Drones have been getting a bad press recently, and rightly so: but don’t worry, this isn’t about the type of drone it’ll soon be economically realistic to buy to send on CIA-style missions against the neighbour’s cat. No sirree Bob. The drones I’m talking about are of the musical variety.
There’s a strong tradition of droning in Scottish music of course: it’s an essential element of the bagpipes, as anyone who’s ever walked past a busker on Edinburgh’s Royal Mile can testify (incidentally, what was up with that on Saturday just past? There were, like, two of them doing a duet next to David Hume, and although I’m no expert, they were properly good? No Flower of Scotland or anything!)
Anyway, when I was starting to put together material for my forthcoming (at some point) solo album/vanity project, ‘Songs in a Scottish Accent,’ there were a few people at the top of my list of potential collaborators, and one of them was Craig ‘Harky’ Harkness. Apart from being – at various points – my unpaid (other than the occasional pint) sound and recording engineer, producer, mentor and provider of fun musical facts, Harky is a greatly underrated (especially by himself) musician and composer of interesting noises. One which I have still on my phone is literally called ‘Harky’s Drone-ilicious Comp’ (I think someone else named it for him, as he was too modest to call it anything, typically) which has featured in a fire safety film made by Fife students and now to be shown more widely.
When we first started batting ideas back and forward, Harky – perhaps because he knew of my liking for Kula Shaker – sent me this short piece which he’d put together on his phone, using a shruti box app and, I think, another synth app. The droning of the shruti box – an Indian instrument – the high, wailing, synth, and the positively hypnotic, weird beat he’d added to it, was intriguing to me, to say the least. I saw it as a perfect length for a short spoken word piece.
My more conventional musical tropes were then brought to bear on it. Layering on guitars and keyboard was easy enough – for those of you that are interested, I used my own, semi-acoustic De Ville for the distorted solo – amazing how a clean acoustic signal can be thoroughly dirtied up with the right software. I added a burst of bagpipe sample at the start, as a sort of hommage to my homeland drone. I also have some decent tabla samples, so I built them into a basic beat that complemented Harky’s original percussion. Then I was ready to put some words on it.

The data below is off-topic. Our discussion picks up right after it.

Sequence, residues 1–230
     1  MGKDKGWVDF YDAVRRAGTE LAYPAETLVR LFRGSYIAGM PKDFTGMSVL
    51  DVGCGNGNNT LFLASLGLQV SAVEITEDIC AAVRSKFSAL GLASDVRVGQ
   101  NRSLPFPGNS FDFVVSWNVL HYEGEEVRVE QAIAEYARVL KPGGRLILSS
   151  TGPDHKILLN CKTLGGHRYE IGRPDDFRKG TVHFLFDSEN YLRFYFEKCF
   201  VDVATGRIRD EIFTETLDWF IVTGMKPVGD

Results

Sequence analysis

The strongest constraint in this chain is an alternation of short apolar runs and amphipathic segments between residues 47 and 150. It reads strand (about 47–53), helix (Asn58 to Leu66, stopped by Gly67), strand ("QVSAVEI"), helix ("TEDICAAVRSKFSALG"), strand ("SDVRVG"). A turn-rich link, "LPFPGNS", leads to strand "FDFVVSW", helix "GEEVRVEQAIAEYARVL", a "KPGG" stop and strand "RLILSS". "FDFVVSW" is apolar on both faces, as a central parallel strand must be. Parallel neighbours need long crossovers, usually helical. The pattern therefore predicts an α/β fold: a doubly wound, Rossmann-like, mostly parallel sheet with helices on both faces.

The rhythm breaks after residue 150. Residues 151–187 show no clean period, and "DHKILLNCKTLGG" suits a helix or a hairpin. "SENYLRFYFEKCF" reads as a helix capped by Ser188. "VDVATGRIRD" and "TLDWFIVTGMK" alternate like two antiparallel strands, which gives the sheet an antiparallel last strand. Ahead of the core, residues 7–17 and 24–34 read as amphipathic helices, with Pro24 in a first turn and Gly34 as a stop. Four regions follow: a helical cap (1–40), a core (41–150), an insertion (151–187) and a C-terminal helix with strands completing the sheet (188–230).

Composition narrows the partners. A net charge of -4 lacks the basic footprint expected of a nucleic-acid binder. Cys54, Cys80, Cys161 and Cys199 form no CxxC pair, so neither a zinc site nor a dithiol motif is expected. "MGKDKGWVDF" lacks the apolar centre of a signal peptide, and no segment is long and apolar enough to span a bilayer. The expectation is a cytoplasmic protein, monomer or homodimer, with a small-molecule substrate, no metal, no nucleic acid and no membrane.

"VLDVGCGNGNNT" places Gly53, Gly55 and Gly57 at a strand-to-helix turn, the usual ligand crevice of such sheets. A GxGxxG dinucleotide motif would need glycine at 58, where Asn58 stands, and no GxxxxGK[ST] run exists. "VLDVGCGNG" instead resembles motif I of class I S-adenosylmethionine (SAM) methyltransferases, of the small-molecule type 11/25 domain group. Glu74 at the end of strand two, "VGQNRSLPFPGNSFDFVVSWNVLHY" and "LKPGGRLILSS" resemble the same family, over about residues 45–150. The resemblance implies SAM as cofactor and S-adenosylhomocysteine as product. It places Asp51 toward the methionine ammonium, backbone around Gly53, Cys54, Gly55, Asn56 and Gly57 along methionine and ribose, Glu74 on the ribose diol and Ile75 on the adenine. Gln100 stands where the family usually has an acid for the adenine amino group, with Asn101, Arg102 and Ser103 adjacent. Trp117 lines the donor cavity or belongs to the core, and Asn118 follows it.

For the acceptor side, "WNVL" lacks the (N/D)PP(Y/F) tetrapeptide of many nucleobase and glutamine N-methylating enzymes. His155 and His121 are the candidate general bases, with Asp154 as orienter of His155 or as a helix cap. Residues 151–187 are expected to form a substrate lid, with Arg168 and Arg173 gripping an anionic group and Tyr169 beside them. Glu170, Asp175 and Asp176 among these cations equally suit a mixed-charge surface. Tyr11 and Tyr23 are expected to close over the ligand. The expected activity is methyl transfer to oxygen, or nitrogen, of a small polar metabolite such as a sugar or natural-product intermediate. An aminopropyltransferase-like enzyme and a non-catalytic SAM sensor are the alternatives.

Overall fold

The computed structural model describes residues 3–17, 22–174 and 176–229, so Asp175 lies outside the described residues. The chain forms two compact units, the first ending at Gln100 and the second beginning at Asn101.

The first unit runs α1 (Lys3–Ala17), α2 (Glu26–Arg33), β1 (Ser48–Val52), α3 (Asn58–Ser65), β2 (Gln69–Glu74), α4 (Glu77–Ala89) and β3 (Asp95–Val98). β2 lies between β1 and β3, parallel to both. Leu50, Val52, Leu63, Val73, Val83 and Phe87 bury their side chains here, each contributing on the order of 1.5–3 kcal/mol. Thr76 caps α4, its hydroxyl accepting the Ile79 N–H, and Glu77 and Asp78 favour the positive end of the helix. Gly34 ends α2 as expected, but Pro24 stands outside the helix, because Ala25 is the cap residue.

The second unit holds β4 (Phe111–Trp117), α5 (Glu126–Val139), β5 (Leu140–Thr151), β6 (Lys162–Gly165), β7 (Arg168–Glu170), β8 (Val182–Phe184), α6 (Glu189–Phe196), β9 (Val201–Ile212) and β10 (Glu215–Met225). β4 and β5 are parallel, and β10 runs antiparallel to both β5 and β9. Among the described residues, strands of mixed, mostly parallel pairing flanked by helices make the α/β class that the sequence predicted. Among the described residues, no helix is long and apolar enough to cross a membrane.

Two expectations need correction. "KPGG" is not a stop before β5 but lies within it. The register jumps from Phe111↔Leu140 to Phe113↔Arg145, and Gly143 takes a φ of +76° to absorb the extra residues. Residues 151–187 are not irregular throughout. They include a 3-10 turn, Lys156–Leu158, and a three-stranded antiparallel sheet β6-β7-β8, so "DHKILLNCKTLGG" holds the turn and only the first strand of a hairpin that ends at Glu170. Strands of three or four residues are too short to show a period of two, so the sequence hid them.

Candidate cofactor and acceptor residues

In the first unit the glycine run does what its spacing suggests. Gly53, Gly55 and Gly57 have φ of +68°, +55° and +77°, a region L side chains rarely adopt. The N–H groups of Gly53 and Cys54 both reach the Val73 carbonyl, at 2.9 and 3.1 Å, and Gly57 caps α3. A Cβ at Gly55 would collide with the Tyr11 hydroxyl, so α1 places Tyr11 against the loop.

The first piece I’d had in mind, called coincidentally David Hume’s Blues, proved unsuitable. That was partly because I’d had so much fun with the distorted guitars I’d have had to shout half the story: but mainly because I couldn’t get the words right. The words I used instead had a strange provenance.
In April 2014, we went on one of our Spanish expeditions, taking in Granada, Ubeda, and Malaga. It was a great trip, but the experience was coloured by my state of mind at the time: my Dad had passed away in January of that year. The small notepad I’d forced myself to take with me, to write something – anything – for the first time in three months, felt like a burden rather than a source of pleasure. All the same, some disjointed thoughts, observations, and images, made their way in. I was under no illusion that any of it might be useable.
After the holiday, the notebook – one of these fake vintage ones you get, with a faux animal skin cover, and unbleached pages that are very pretty, but difficult to write on, especially in a moving bus – went into the bookcase, unread for a year. When I did dig it out, some of the words then got sewn together loosely: it took another year before I looked at them again, tightened them up, and began to see the patterns in them: the Moroccan street-hawker dodging the cops on the Street of the Catholic Kings; the Moorish ruler of the Alhambra, grieving for his kingdom; and, of course, my own sense of loss. The final version owes much to Jane McKie, my poetic mentor (like Harky, also unpaid).
So that’s how the words and music of ‘Leaving Granada’ came together. Hope you like it.
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